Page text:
Nightmares

Nightmares

Travis Okimura, Journalist

When we go to sleep, we have three to five dreams almost every night. Usually we forget these dreams when we wake up, with most people forgetting about 95% of dreams. The dreams people typically remember tend to be negative ones, such as falling from a great height, being chased, or even being unprepared for an important event or test. Although these are not the best of dreams, these aren’t necessarily nightmares. 

 

“They’ve promised that dreams can come true. But forgot to mention that nightmares are dreams too.”

– Oscar Wilde

 

Nightmares occur in a sleepy or unconscious state; for some people, nightmares only happen occasionally, but for others, they are very frequent and can have negative effects on one’s health. There are many different causes of nightmares, ranging from stress, anxiety, and mental health issues to taking certain drugs and medications, sleep deprivation, and a personal history of nightmares. Many experts believe that having dreams is a way for your mind to process emotions, meaning anxiety or trauma could be the cause or factor of nightmares.  When waking up from a nightmare, most people are aware about the dream they just had – this can cause them to feel upset or anxious, experiencing symptoms like changes in heart rate or sweating. Along with other symptoms, there is a disorder called Parasomnia in which someone has unusual behaviors when asleep. Examples of this would be REM (rapid eye movement), when your eyes move rapidly in a range of directions, or sleep/night terrors, in which a person appears to be agitated or frightened in their sleep.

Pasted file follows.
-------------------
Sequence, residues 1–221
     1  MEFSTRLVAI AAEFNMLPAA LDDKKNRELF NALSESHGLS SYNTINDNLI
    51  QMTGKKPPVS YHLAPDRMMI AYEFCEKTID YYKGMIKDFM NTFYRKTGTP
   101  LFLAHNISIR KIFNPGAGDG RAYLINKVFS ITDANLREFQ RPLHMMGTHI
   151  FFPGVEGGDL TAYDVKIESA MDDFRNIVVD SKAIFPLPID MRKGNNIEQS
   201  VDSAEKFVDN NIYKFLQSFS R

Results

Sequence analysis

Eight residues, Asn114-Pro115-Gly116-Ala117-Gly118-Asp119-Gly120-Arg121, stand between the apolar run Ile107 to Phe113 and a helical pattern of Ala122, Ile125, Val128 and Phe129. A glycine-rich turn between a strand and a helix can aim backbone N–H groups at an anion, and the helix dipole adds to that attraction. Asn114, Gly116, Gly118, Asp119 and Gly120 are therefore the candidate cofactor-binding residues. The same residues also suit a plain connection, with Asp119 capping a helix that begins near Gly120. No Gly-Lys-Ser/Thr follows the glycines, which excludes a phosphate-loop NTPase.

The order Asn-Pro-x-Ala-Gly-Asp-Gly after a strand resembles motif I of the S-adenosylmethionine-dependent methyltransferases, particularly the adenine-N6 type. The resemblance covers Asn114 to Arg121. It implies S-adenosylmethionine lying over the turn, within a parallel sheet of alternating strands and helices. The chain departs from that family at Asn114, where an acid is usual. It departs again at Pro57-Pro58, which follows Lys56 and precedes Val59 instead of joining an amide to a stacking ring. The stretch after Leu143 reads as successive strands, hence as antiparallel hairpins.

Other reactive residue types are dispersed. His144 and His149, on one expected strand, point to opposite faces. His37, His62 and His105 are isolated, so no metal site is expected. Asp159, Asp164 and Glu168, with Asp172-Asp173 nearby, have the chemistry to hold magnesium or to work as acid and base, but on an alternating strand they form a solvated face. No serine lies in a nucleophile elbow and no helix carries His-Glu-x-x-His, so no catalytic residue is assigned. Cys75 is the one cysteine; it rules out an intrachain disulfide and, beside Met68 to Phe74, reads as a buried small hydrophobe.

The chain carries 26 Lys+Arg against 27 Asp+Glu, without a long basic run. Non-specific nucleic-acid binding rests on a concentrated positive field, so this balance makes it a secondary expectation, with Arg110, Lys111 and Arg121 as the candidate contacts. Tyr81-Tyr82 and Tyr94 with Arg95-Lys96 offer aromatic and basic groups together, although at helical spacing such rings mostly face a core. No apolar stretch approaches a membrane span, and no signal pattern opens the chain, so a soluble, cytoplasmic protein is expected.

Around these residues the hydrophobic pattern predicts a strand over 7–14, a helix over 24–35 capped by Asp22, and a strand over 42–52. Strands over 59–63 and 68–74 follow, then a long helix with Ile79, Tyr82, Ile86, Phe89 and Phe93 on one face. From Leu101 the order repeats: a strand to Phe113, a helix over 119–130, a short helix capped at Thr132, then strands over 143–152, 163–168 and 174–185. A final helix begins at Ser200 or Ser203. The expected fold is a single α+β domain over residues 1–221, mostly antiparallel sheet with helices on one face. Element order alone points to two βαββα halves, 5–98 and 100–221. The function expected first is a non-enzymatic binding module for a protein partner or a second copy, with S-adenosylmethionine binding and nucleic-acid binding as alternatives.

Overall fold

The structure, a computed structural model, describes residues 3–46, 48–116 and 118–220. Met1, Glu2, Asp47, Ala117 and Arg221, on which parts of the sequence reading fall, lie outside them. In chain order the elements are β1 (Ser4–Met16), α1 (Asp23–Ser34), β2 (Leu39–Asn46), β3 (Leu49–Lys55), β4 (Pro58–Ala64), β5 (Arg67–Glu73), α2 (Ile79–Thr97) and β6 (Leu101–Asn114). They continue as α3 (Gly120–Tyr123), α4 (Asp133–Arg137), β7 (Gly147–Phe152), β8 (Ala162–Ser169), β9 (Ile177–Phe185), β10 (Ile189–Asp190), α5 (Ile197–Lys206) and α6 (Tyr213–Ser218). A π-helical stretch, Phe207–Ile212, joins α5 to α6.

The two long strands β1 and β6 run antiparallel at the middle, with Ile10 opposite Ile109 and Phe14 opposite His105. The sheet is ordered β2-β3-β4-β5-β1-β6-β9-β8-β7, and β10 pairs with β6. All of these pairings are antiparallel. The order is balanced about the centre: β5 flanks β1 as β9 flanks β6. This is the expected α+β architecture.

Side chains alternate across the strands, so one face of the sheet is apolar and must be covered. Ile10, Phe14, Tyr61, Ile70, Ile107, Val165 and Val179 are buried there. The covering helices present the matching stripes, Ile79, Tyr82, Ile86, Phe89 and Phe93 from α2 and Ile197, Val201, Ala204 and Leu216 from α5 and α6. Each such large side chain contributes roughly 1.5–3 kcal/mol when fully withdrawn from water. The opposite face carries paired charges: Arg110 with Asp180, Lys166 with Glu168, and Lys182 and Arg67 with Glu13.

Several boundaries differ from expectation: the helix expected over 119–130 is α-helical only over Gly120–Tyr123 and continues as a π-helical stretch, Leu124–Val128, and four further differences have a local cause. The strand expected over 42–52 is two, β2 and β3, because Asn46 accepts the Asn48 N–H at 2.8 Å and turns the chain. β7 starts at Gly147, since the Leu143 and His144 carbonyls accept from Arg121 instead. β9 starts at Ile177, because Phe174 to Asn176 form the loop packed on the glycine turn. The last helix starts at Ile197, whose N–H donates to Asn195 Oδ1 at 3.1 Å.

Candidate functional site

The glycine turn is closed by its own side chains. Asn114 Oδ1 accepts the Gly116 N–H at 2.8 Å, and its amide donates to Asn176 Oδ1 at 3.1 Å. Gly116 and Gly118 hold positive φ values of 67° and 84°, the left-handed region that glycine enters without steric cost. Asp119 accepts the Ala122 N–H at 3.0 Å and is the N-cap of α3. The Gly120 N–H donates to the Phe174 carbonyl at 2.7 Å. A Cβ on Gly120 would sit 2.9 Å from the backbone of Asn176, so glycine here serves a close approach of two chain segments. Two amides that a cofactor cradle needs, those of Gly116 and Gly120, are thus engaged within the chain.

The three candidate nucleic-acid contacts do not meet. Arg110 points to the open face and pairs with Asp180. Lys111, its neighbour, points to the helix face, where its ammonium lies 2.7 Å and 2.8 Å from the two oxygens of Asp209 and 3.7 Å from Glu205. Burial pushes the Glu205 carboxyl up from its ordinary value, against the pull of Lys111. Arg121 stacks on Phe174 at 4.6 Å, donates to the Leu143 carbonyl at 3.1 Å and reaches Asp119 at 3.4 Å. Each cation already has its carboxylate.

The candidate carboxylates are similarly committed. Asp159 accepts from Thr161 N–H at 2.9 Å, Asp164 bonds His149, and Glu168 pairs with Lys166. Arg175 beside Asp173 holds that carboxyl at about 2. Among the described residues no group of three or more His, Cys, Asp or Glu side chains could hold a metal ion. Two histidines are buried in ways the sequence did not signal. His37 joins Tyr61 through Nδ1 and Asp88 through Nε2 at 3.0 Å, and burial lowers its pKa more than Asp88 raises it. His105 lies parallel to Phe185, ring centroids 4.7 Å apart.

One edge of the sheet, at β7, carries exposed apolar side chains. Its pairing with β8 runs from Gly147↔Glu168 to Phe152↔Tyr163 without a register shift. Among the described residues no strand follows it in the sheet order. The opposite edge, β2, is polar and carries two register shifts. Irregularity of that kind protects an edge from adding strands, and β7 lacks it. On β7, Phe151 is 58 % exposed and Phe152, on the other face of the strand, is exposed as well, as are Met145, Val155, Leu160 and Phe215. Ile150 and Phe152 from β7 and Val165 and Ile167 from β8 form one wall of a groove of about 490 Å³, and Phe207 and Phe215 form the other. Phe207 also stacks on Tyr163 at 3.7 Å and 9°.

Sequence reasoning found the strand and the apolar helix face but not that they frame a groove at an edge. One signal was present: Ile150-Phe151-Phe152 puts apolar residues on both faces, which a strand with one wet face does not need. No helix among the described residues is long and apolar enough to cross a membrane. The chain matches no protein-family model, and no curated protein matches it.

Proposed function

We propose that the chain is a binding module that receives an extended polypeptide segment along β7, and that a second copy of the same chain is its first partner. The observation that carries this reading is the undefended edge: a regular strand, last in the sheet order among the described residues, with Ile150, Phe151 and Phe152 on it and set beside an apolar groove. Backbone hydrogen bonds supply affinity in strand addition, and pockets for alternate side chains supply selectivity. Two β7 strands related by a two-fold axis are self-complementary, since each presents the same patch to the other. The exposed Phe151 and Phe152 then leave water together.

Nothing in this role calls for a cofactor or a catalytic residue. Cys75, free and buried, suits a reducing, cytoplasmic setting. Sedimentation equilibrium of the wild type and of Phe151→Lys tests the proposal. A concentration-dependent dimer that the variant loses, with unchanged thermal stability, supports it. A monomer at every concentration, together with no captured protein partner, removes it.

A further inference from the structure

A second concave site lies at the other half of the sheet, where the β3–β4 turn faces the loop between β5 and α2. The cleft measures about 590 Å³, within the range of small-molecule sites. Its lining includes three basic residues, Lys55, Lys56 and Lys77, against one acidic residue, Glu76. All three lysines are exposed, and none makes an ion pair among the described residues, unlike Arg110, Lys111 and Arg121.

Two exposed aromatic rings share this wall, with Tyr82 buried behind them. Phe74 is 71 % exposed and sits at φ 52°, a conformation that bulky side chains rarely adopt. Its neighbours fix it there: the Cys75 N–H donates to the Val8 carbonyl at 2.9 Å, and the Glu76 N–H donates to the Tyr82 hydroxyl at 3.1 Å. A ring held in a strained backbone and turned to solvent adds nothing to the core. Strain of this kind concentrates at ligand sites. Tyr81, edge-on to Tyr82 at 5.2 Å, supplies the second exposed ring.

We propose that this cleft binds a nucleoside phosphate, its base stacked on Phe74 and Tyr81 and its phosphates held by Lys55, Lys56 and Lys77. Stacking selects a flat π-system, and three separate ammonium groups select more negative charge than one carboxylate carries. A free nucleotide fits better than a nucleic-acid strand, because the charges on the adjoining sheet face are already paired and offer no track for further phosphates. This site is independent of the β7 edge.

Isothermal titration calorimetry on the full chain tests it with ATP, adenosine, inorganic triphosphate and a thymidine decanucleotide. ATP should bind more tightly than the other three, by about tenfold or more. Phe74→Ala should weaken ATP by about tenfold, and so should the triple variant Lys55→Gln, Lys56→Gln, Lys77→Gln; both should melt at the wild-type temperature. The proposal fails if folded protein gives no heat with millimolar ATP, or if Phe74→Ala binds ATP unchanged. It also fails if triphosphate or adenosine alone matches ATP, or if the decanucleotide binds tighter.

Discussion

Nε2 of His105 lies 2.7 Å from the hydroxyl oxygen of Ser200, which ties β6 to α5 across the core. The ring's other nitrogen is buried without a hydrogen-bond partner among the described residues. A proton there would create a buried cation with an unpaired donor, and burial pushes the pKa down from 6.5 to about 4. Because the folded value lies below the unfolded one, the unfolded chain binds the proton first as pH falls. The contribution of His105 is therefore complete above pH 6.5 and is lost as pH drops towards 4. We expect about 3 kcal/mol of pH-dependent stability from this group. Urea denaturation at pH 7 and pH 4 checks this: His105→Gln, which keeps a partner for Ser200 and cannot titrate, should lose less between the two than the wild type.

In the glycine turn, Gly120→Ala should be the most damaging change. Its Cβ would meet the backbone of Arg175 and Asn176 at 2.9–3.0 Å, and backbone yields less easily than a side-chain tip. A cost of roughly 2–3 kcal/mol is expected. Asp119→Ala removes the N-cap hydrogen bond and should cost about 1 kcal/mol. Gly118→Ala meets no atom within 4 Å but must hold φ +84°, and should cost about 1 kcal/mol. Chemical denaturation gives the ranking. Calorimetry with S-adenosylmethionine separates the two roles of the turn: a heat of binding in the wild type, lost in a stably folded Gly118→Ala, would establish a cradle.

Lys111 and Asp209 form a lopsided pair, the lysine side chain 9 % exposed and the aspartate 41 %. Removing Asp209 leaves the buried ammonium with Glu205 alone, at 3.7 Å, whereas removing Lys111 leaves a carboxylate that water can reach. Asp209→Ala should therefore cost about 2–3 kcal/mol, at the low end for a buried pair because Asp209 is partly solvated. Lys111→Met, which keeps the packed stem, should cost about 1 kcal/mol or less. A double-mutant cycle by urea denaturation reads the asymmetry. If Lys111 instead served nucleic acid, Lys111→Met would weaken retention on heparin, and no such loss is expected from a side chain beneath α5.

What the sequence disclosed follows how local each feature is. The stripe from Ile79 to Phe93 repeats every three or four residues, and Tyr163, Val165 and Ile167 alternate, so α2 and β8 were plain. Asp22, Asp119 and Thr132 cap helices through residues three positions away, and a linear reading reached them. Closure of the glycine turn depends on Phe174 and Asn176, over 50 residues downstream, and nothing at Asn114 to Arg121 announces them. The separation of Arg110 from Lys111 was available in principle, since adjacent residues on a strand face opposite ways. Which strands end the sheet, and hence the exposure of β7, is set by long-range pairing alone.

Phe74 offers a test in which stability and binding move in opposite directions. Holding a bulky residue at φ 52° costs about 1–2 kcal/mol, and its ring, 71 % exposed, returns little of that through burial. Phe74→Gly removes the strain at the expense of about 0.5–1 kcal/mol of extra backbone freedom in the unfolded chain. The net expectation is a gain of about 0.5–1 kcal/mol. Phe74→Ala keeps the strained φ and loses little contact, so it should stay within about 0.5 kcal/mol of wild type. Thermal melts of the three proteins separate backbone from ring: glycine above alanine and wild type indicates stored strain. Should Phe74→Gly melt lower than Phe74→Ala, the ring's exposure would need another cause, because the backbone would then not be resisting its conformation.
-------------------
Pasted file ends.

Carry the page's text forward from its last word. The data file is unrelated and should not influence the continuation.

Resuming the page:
The main way to distinguish between nightmares and sleep terrors is that nightmares are more common in the second half of the night while sleep terrors are more common in the first half of the night. A person that is having nightmares will usually have a clear image or recollection of the dream while a person who has night terrors remains mostly asleep and will have difficulty waking up. If awakened, the person who had night terrors tends to be aware of what was happening in the dream; however, when they wake up the next day, they will rarely remember they even had that dream. One can try to stop or manage nightmares and night terrors by going to therapy (such as image rehearsal, lucid dreaming, and/or psychotherapy); other methods include relaxing, hypnosis, and using night lights.  

 

Nightmares: Symptoms, Causes, & Treatment

https://www.theguardian.com/lifeandstyle/2020/sep/01/welcome-to-my-nightmare-researchers-to-investigate-the-strange-world-of-covid-dreams